The ring 30 is symmetrically bowed about an imaginary transverse line 42 which extends transversely of the ring's longitudinal axis 44 and is situated between the middle section 32 and the opening 39. Preferably, the ring is bowed to conform to the outer periphery of an imaginary cylinder of a fixed radius as explained in more detail in the afore-mentioned U.S. Pat. No. 2,487,802, the disclosure of which is incorporated herein by reference.
The intermediate sections 34 each include a radially outwardly projecting intermediate tab 50, the tabs 50 being generally aligned with one another on opposite sides of the longitudinal axis 44 of the ring at locations generally midway along the respective intermediate portions. The imaginary line 42 passing through the longitudinal axis of the ring extends perpendicularly to an imaginary line 52 bisecting the opening 39 and intersects the lower portions of the intermediate tabs 50.
The middle section 32 includes a radially outwardly projecting middle tab 54 which is situated opposite the opening 39 of the ring and is bisected by the imaginary line 52. The outer edges 56, 58, 59 of the middle and intermediate tabs 50, 54 and end sections 36 lie substantially on a common radius, although the base portions 60 of the intermediate sections 34 progressively decrease in radial thickness as they approach the end sections.
The middle tab 54 is flat, and presents first and second surfaces 62, 64 each of which lies in a plane disposed perpendicularly relative to the longitudinal axis of the ring.
The end sections 38 are also flat and are coplanar with the middle tab 54, i.e., each end section 36 defines first and second surfaces 66, 68 which are coplanar with the first and second surfaces 62, 64, respectively, of the middle tab 54.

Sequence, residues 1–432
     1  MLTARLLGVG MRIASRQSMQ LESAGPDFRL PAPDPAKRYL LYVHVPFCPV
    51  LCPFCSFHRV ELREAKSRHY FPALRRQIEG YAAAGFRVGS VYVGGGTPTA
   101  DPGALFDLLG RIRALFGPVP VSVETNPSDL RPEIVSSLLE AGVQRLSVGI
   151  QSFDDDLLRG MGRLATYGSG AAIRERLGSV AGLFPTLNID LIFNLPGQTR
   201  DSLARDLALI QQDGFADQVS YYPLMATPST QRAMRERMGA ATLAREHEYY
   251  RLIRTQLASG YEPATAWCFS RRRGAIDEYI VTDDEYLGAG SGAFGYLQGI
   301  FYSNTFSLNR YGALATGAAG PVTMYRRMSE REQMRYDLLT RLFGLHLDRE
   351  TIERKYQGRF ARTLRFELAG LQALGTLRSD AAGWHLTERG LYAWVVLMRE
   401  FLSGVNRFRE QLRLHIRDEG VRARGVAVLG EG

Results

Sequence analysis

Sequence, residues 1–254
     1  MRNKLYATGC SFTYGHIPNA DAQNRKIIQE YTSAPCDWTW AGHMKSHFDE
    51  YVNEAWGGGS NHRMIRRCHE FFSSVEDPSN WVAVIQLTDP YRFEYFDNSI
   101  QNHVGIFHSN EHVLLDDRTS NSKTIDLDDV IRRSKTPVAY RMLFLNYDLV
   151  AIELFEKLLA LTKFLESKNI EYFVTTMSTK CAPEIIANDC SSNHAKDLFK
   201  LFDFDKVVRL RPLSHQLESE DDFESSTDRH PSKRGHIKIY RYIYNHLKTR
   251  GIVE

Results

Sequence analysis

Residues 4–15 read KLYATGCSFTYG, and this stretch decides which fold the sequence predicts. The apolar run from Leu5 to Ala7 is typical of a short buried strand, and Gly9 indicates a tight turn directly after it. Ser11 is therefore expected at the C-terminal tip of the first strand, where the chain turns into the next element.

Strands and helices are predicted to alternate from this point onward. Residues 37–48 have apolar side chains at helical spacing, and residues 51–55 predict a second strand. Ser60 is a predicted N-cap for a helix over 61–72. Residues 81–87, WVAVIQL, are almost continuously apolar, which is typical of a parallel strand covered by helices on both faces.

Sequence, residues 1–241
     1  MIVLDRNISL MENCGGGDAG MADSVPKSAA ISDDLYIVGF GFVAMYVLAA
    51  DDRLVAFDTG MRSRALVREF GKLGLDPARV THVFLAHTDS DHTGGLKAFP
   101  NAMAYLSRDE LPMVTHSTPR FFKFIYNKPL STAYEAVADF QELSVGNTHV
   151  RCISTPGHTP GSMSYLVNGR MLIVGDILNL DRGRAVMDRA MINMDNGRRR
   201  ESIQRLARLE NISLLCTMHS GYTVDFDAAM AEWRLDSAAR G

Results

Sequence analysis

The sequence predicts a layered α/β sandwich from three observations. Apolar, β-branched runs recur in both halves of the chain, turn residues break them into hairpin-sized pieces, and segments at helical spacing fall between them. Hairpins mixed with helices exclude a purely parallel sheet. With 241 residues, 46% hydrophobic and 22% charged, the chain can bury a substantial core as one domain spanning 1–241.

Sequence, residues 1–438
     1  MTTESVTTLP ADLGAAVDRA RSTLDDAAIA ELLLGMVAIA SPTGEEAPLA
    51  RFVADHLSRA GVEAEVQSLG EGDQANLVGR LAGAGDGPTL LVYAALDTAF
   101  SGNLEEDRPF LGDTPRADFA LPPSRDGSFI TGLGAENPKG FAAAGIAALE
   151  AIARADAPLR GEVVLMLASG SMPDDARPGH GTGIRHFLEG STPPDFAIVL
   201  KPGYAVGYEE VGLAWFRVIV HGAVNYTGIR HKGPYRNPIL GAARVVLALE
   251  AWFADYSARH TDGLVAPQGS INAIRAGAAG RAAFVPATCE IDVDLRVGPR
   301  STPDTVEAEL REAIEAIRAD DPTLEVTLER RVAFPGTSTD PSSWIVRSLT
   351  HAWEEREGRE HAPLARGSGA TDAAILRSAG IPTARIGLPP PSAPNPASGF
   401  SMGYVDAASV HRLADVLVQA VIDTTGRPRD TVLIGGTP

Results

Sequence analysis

FIG. 4 depicts the ring 30 after it has been sprung in an intended manner, into an internal groove 70 of a component 72 in order to lie in the path of a retained part 74. For example, the ring 30 may be employed to retain the cross and bearing cups of an automobile universal joint assembly. The first surface 62 of the middle tab 54 engages a side wall 76 of the groove 70, while the convex side 78 of the bowed portion abuts the retained part 74.
Hence, in the event that the retained part 74 pushes against the ring, the ring will tend to flex about a fulcrum at a point 80 where the middle tab 54 abuts the edge of the groove. Accordingly, the resultant moment arm does not include that portion of the ring disposed within the groove itself, contrary to the prior art arrangement depicted in FIG. 1.
In the event that the ring 30 is installed backwardly into the groove as depicted in FIG. 5, the intermediate tabs 50 engage the side wall 76 of the groove and the first surface 62 of the middle tab 54 engages the retained part 74. In that regard, it will be appreciated that the radial dimension of the first surface 62 is longer than the groove depth so as to project radially inwardly beyond the groove to lie in the path of the retained part 74. The moment arm in such a case does not include that portion of the ring disposed within the groove 70, as in the case of the prior art arrangement depicted in FIG. 2. Hence, regardless of the installed orientation of the ring, the effective moment arm will not include that portion of the ring disposed within the retaining groove, whereby the behavior of the ring in both cases can be relatively similar. Note that in each case, the bowed portion of the ring is disposed entirely out of the groove, whereas in the prior art of FIGS. 1 and 2, some of the bowed portion is disposed within the groove thus giving rise to the potential problems noted above in the event that the ring is installed backwards.
A slightly modified ring 30A is depicted in FIG. 6 wherein the end sections 36A are less pronounced and have somewhat curved edges. The middle tab 54A and intermediate tabs 50A also present generally curved edges. The behavior of the ring 30A is similar to that described above in connection with FIG. 3.
Although the present invention has been described in connection with preferred embodiments thereof, it will be appreciated by those skilled in the art that additions, modifications, substitutions, and deletions not specifically described may be made without departing from the spirit and scope of the invention as defined in the appended claims.